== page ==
Hiral Dave , IE : Gandhinagar, Tue Feb 19 2013, 06:03 hrs
The proposed nuclear plant to be built by Nuclear Power Corporation of India (NPCIL) with US technology at Mithi Virdi in Bhavnagar district has run into stiff resistance from locals who are opposing the first public hearing scheduled for March 5. The project is part of the Indo-US nuclear deal signed in 2007.
Around six years ago, NPCIL had zeroed in on a cluster of five villages — Mithi-Virdi, Jasapara, Khadarpar, Mandva and Paniyad — to build the 6,900 megawatt (MW) nuclear power plant that would be India’s largest such facility.
However, soil and water testing was delayed following intense protest by villagers. Now, locals including those living in nearby urban centre of Bhavnagar city have closed ranks and vowed not to let the public hearing on environmental concerns take place.
“We have submitted a memorandum to Bhavnagar district collector. We do not want public hearing in the first place,” said Krishnakant, a coordinator for various groups opposing the plant.
“Bhavnagar is one of the biggest beneficiaries of the agricultural activities in the area. It gets its supply of fruits and vegetables round the year from the farmers of the 24 villages that have got notices for environmental public hearing for the proposed plant,” said Damyanti Modi of Bhavnagar Anu Urja Abhyas Juth, a group of senior citizens from Bhavnagar who have been studying the possible impact of a nuclear power plant at Mithi Virdi.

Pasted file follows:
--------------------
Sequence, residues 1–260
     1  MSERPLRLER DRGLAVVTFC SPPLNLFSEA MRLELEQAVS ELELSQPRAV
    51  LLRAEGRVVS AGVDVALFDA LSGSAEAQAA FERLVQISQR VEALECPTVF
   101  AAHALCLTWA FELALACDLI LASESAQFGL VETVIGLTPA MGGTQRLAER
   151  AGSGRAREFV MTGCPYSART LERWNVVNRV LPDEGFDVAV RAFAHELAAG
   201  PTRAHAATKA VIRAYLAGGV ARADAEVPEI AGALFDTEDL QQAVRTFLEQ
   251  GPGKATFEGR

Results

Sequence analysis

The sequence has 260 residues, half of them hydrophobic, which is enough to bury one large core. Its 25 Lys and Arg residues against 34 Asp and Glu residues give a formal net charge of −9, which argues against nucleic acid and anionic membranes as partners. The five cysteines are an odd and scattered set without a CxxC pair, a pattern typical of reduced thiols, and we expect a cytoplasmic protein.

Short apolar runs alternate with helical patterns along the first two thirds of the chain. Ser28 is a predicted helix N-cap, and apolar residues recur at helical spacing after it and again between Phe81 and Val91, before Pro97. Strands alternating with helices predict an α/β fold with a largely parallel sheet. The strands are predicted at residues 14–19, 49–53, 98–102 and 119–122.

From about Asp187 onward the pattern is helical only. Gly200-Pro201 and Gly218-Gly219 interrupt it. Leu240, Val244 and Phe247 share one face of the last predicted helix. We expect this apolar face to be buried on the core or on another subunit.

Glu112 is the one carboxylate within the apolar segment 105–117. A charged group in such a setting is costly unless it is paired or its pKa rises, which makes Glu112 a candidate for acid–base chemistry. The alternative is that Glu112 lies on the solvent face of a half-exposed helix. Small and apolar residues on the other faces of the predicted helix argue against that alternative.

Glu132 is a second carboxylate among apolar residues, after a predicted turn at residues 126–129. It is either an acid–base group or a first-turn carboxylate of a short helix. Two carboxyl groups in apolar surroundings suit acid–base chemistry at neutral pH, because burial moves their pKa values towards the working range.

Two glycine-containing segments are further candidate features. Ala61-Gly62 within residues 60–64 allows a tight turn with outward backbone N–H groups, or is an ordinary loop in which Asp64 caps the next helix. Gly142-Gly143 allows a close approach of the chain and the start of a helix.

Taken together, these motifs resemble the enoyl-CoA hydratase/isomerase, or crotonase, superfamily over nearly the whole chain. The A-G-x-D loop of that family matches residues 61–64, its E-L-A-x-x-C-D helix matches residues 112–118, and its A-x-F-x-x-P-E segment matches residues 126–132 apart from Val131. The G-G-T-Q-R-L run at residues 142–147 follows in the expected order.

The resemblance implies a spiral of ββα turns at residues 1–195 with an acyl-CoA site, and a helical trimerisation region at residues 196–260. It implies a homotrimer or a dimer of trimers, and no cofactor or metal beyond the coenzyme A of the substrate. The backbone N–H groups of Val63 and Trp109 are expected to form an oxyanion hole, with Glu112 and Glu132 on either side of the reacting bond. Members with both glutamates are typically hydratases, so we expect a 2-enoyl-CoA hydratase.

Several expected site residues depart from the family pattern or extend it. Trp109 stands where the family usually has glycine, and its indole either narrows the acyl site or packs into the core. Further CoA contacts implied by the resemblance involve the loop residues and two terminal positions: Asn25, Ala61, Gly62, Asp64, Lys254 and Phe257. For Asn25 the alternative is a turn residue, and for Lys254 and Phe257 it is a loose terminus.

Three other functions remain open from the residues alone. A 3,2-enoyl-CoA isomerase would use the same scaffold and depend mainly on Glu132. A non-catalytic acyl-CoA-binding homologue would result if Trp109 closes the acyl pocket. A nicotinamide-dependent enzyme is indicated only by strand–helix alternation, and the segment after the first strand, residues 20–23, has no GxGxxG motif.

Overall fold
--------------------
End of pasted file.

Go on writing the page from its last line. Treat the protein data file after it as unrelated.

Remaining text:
A year ago, Pittsburgh-based Westinghouse Electric Company had signed an MoU with NPCIL for site development work supporting future construction of AP 1000 nuclear power plants. The project requires 777 hectares, including private and government wasteland.
Mithi Virdi is a small coastal town known for its lush green orchards producing a variety of rare-quality fruits. Villagers say adequate monsoon in the last decade has ensured them three bumper crops in a year.
Earlier, gram panchayats of every affected village had passed resolutions vowing not to give private land or wasteland for the project.
Last year, villagers twice stalled the plans for soil and water testing by Gujarat Power Corporation (GPC), which has been hired by NPCIL for the testing work. In fact, the protests have been so intense that the GPC began digging bore around 5 am when villagers were asleep. However, in no time, the team had to fold up when more than 5,000 villagers reached the site and stalled the process.
Even a trip to Kakrapar nuclear plant near Surat for 96 farmers arranged by NPCIL could not convince them for the project.
Fear of losing fertile ancestral land coupled with apprehensions about a nuclear power plant in the neighbourhood has put the villagers on the edge.
Several NGOs have also been working closely with villagers.
While Bhavnagar Collector V P Patel was not available for comment, NPCIL authorities said they had received a copy of the memorandum opposing public hearing on environmental impact.
Of four sites short-listed in Gujarat, Mithi-Virdi was finalised for various reasons, including its proximity to sea, type of soil, water, seismic zone positioning and population.
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